You have the entrepreneurial spirit. You want to open your own business. You want to be the boss. For the prospective entrepreneur, franchising offers great benefits, but also comes with significant burdens.
“a franchise can make your dream come true”
Benefit 1: Know How: Franchises are generally created from successful small businesses. Business owners, who have spent years perfecting their business model, have taken that wisdom and put it into franchise-training programs. Not only will most franchisors teach you how to provide the core good or service involved, they also will teach business skills like record keeping, inventory management, accounting and employee management. Many prospective entrepreneurs already know how to perform the core task and have good business skills, and will not find this to be a great help, or may even find the mandatory business methods of the franchisor to be limiting. For others, however, the training programs and manuals are a significant advantage.
Benefit 2: Name Recognition: When you franchise, one of the greatest benefits you are buying is the name recognition – the trademarks – of the franchisor. All small businesses must develop a reputation for excellence, either in service, quality or price. When you purchase a franchise, you are buying that franchise’s existing reputation. This is a significant advantage. Earning a reputation takes hard work, time and money. A good franchise allows you to start with a name recognition and reputation for quality that most start-ups can only dream of.
Benefit 3: Advertising Reach: Most franchisees pay an advertising fee as a part of their franchise agreement. Sometimes this money is simply money the franchisee is required to spend; sometimes, this money goes into a regional or national advertising co-operative run by a committee of the franchisees; sometimes, this money goes directly to the franchisor for national and regional advertising buys. Whichever of these, or combination of these, your franchisor selects, the result is usually that your advertising dollars go farther and have a greater impact than the same money, spent by a single small business, would.
This combination of know-how, brand recognition and increased advertising reach is designed to let you get started quickly and move successfully through that early period where so many small businesses fail because they could not generate gross revenues fast enough. This is what makes franchising such an attractive prospect for many entrepreneurs. Then again, the many benefits of franchising have their own drawbacks as well.
“The wrong fit will turn your dream into a nightmare”
Burden 1 Cost: The primary trade-off for all these benefits is the cost. Franchises are expensive, not only at the beginning, but throughout the life of the business. Most franchises begin with an up-front franchise fee. This is an cost you just do not have if you start your own business from scratch. Franchises also generally come with a permanent franchise royalty, which is often 5-10% of your gross revenues. Added to the franchise royalty are recurring advertising payments of 1-3% of gross revenue. You may also have mandatory continuing training costs, store remodeling or signage costs, and other hidden costs or fees. You must carefully consider whether the name recognition or advertising reach of a particular franchise is likely to drive enough revenue to the business to compensate for the fees you will be paying. You may make more money off less revenue without the fees.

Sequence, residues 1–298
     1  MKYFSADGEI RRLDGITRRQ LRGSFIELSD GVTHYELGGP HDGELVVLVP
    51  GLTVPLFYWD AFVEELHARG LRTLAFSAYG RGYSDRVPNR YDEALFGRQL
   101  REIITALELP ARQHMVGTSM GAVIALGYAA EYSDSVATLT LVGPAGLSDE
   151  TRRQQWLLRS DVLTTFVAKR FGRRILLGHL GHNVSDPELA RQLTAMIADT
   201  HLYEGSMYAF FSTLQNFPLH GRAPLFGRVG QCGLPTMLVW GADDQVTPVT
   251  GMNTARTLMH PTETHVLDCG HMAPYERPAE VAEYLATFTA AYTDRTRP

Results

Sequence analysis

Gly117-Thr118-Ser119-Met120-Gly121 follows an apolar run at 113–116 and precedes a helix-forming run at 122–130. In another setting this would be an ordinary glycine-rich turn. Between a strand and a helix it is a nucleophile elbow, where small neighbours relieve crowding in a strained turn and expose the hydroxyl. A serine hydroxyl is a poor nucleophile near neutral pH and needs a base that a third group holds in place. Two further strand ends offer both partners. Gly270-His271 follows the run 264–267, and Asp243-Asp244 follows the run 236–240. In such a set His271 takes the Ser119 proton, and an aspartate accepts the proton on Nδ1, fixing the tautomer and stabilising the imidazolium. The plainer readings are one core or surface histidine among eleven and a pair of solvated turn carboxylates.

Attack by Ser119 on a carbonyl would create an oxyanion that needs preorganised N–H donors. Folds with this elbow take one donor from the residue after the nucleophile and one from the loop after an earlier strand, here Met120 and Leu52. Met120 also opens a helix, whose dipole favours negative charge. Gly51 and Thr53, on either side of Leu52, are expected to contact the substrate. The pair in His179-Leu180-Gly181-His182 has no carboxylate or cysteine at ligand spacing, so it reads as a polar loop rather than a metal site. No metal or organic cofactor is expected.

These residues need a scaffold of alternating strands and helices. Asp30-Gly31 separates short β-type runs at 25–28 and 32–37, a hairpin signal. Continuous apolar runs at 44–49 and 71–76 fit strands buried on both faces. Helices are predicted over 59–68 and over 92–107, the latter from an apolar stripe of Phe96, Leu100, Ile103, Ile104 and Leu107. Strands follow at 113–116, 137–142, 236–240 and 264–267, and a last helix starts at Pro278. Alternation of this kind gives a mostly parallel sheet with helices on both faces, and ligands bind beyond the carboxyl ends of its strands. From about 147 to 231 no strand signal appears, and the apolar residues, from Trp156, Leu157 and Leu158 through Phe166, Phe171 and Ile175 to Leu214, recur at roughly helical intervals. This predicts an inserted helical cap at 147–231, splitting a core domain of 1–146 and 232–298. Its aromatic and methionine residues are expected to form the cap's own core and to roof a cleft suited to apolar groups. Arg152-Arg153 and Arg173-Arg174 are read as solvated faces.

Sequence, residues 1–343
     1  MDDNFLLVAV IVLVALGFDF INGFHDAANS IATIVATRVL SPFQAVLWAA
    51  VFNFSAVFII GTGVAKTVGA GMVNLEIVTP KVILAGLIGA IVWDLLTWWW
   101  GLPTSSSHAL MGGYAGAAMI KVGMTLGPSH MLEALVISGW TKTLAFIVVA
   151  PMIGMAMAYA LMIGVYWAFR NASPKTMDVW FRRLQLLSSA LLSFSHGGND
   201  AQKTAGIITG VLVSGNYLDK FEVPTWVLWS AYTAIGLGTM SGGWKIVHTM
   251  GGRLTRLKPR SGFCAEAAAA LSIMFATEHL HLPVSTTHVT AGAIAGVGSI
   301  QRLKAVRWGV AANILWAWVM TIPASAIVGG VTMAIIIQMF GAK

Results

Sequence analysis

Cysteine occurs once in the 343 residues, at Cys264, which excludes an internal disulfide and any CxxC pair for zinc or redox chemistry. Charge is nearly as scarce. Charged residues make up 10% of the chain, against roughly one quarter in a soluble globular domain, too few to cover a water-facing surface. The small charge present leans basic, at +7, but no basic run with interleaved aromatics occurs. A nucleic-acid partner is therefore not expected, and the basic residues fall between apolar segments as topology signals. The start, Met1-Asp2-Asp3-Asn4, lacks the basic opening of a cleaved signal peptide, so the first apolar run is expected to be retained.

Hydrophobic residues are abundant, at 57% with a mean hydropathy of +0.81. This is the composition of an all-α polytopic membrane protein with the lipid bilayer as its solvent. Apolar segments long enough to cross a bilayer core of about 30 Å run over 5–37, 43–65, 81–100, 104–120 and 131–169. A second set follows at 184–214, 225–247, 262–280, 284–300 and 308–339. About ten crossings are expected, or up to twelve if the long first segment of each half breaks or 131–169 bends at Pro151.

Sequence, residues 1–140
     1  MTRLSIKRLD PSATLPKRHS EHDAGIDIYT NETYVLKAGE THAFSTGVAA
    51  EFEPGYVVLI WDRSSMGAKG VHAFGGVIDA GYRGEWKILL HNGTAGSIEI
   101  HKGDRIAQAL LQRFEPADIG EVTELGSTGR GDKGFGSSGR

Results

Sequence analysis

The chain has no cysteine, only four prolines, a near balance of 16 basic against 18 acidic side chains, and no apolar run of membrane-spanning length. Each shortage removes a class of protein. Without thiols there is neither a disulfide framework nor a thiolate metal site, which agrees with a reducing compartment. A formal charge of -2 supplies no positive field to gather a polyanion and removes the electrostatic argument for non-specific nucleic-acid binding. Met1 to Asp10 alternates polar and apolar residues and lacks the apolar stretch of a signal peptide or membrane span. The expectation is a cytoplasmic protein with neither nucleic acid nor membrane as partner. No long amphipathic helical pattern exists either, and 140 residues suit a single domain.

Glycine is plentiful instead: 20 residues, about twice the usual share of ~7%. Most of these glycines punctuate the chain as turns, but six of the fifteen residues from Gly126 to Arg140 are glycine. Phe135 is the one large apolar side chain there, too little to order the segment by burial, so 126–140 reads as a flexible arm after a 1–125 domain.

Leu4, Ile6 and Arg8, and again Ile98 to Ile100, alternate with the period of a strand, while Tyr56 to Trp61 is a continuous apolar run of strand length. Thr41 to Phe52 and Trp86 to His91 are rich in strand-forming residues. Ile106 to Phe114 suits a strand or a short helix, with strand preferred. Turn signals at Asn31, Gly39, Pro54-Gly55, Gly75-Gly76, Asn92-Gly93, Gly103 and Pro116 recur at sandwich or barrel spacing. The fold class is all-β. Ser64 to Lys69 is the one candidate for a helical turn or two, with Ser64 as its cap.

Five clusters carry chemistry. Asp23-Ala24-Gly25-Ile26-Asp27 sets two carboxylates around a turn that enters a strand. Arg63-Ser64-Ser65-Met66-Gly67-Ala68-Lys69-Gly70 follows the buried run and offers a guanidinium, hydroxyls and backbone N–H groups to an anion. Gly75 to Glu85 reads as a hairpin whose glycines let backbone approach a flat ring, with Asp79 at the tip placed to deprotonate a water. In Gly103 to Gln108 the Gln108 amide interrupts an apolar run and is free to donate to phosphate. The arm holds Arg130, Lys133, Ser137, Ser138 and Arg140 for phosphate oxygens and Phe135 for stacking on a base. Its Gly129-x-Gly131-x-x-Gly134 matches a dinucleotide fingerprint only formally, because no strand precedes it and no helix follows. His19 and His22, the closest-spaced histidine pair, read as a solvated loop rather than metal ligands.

Burden 2 Control: One of the primary reasons entrepreneurs go into business for themselves is to have control over their business and work environment. With a franchise, you surrender some or much of that control to the franchisor. The appearance of the store, uniforms, what you can sell, when you can be open, where you are located, whether you can expand, how and when you can advertise, whether you can give freebies or support local charities – all of these, and more, may be controlled or restricted by your franchisor. If control is one of your motivations for opening a business, you should carefully explore how much control you are being required to surrender to any potential franchisor before deciding whether to go into business with them.
Burden 3 Exits: Exiting a franchise is often a time of great frustration. Selling a franchise is much tougher than selling any other small business. The rules for how to sell, to whom you are permitted to sell and for qualifying potential purchasers are complex and can be maddening. The fees and costs imposed by most franchisors are steep. Often, the most difficult problem is the time the franchisor requirements add to getting a deal done – which can kill potential sales. Trying to continue your own business life outside the franchise model can be even harder. Most franchises come with tough non-compete clauses that prevent you from leaving and starting your own new business and many franchisors are ruthlessly aggressive in enforcing them. Worst of all, some franchises come with a built-in 10-15 year expiration date and sometimes have no guarantee of renewal. Imagine the frustration of building a market for a particular franchisor for an entire decade, only to have them not renew the franchise to you and sell your business off to someone else or turn it into a ‘company store’.
Tip: Have an attorney review the franchise agreement for any such potential gotcha’s, and do some investigation into any potential franchisor’s reputation among franchisees as well as their history of litigation.
“Take your time to investigate any potential franchisor carefully”
For the right entrepreneur, a franchise can make your dream come true, but the wrong fit will turn your dream, into a nightmare. Take your time to investigate any potential franchisor carefully, and see if franchising is the right fit for you.